The Real Cost of a Data Breach

Credit: Bermix Studios

There’s no question that a data breach can have a huge financial impact on a company in terms of payout to those responsible for the cyber attack. 

IBM and the Ponemon Institute estimated the average cost of a data breach for US companies in 2021 to be nearly $4.24M which rose 10% from 2019’s data. Globally, the annual cost was reported to be around $6T annually in large part due to the increase in ransomware attacks. However, looking further, payout to criminals isn’t included in this estimate, so how is a data breach cost measured?

Contributing Factors of a Data Breach

While monetary costs paid to those holding data for ransom can play a part in an average data breach cost, it isn’t the only contributing factor or even the largest. Additional factors that contribute to the total cost of a data breach include:

  • Diminished reputation
  • Loss in revenue
  • Customer turnover
  • Drain on employee productivity
  • Legal and regulatory fees

Diminished Reputation

A diminished reputation is one of the worst consequences of a data breach for any company, but for small or medium-sized businesses, it could spell disaster.

There’s a lot of competition for businesses trying to obtain new clients, which is why it’s imperative to have a solid and positive reputation to avoid lost business. A data breach can significantly reduce the public’s trust in a company resulting in lost opportunities as potential new clients turn to the competition.

Loss in Revenue

A 2013 IBM and Ponemon Institute study determined that businesses affected by a data breach noticed a loss in revenue between $20,000 to $5,000,000 over two years following the breach. These figures consider the loss of current clientele and the inability of a business to obtain new customers. 

For a large enterprise, the money loss is negligible, but small and medium-sized companies could potentially lose their business.

Customer Turnover

You work hard to retain a customer’s trust in your company to ensure they return for repeat  business. However, when a data breach occurs, clients tend to look elsewhere to obtain their needed goods and services, especially when personal data is involved. The resulting loss of revenue from customer turnover could dramatically affect your bottom line.

Drain on Employee Productivity

When faced with a breach, companies tend to put everything else on hold and divert resources away from other departments in favor of the IT team working on the breach. Many employees start to feel increased stress from additional work with fewer resources which in turn causes productivity to dip. A drop in productivity results in a loss of revenue which contributes to the overall costs.

Legal Fees for a Data Breach

A data breach can happen at any time due to several variables, which is why they typically don’t come with legal repercussions outside a personal or class action lawsuit. A company will only have to pay penalties or data breach settlement fees if they fail to file a data breach report to the U.S. Securities and Exchange Commission (SEC). 

If a vulnerability is found, public companies must fill out and submit a Form 8-K to the SEC. Failure to do so could result in hundreds of thousands of dollars in penalties or settlements, contributing to an increased cost from a data breach.

Cost of a Data Breach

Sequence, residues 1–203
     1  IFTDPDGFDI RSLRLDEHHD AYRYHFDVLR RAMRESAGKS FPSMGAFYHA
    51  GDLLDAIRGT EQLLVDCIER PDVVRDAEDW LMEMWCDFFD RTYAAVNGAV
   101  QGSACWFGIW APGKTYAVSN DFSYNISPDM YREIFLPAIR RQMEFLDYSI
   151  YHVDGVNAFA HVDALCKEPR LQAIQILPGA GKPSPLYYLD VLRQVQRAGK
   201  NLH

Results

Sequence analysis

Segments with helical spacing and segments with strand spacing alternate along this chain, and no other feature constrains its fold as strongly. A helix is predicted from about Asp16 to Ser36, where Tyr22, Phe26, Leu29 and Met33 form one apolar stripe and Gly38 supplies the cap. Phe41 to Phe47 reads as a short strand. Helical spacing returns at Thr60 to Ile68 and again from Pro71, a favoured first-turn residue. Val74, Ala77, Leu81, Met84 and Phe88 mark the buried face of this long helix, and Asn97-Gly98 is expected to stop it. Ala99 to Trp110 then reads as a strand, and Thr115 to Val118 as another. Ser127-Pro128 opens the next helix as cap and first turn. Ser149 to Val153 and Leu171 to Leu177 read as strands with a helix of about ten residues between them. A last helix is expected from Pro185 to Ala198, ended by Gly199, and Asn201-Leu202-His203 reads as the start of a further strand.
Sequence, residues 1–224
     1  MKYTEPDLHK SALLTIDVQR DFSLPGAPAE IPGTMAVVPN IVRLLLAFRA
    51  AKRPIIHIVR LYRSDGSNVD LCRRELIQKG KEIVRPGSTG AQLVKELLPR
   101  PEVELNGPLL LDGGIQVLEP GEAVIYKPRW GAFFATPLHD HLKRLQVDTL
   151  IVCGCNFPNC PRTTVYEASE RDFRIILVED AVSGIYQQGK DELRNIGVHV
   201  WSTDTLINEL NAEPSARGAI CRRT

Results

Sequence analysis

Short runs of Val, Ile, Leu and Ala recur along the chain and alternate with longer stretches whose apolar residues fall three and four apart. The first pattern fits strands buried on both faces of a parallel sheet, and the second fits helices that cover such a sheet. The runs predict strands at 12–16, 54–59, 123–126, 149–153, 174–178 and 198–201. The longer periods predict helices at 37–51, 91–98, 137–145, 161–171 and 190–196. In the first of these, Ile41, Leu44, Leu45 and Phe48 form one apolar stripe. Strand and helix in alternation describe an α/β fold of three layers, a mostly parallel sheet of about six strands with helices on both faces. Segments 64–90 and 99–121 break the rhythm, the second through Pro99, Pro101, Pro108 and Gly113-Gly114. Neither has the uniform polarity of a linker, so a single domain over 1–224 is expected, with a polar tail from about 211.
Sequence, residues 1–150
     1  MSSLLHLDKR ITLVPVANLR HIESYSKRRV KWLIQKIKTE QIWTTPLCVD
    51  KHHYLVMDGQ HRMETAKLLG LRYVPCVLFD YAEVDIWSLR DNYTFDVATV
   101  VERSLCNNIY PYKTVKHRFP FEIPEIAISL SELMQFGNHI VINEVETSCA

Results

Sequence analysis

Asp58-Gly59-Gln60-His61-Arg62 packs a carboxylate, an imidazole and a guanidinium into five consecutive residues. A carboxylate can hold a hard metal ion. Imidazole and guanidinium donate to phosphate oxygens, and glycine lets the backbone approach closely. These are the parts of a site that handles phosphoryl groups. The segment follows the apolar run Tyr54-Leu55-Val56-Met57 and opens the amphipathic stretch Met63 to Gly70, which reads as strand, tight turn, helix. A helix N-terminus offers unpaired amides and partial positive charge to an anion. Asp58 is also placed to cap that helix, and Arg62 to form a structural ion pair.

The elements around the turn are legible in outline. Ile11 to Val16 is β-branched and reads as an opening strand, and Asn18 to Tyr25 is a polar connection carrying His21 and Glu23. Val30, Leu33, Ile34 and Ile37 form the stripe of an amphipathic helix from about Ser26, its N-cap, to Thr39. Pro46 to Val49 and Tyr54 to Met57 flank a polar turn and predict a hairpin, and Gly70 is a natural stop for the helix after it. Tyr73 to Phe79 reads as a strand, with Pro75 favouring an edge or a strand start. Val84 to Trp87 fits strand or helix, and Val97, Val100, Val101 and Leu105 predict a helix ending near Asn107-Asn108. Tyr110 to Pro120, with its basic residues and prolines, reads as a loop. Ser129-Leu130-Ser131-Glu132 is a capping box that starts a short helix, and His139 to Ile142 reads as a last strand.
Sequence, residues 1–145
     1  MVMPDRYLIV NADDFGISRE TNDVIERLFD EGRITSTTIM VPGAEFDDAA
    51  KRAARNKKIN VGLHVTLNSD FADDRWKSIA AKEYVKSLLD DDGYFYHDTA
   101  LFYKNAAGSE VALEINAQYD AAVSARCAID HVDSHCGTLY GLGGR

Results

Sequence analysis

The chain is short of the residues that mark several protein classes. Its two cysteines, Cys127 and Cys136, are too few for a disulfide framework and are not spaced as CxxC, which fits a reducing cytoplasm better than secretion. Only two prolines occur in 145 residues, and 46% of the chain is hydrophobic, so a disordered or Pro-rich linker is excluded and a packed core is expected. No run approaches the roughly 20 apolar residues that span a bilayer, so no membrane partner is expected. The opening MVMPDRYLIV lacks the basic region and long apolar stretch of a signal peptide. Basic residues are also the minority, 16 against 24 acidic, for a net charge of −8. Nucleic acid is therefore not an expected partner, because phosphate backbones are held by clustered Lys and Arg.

Credit: Markus Spiske

Additional Factors

For businesses that operate on the cloud, having a hybrid cloud environment costs companies less than choosing a public, private or on-premise cloud model. 

The research also found that thanks to the global pandemic in 2020, companies were inadequately prepared for the number of employees that transitioned to remote work. Without proper cybersecurity measures in place, companies found themselves falling victim to these devastating attacks. The cost of a breach was nearly one million on average higher for companies with remote employees. It also took much longer for businesses with remote workers to detect and contain a breach, leading to one of the biggest contributing factors of data breaches: time.

Biggest Contributing Factor of a Data Breach

One of the biggest cost factors in calculating the true costs of a data breach is time. Although companies often talk about the revenue loss, it’s almost always due to the amount of time it takes for teams to uncover and address a problem, implement data breach recovery strategies and get your business operational. 

Even if it only takes days to identify a vulnerability or breach, there could be lasting repercussions spanning months or years.

Reduce Your Risk of a Data Breach with Outsource Solutions Group

In 2021, companies implementing a zero-trust architecture saved their business an average of almost two million dollars over companies that did not include zero-trust in their data security strategies. Additionally, there was an 80% reduction in data breach costs with security AI and automation. 

Partner with OSG to ensure there are no gaps in your security coverage that could be exploited to gain access to your systems. 

You’ll benefit from enhanced data protection and device encryption that make accessing a device without proper log-in credentials nearly impossible. We implement a zero-trust firewall architecture, sandboxing, and routine security patches that ensure no unwanted visitors can obtain access to your systems. Through routine vulnerability testing and system assessments, we’re able to detect and contain a potential breach before it causes damage.

Don’t leave yourself vulnerable. Contact Outsource Solutions Group for advanced security strategies that will stop a breach before it impacts your bottom line.

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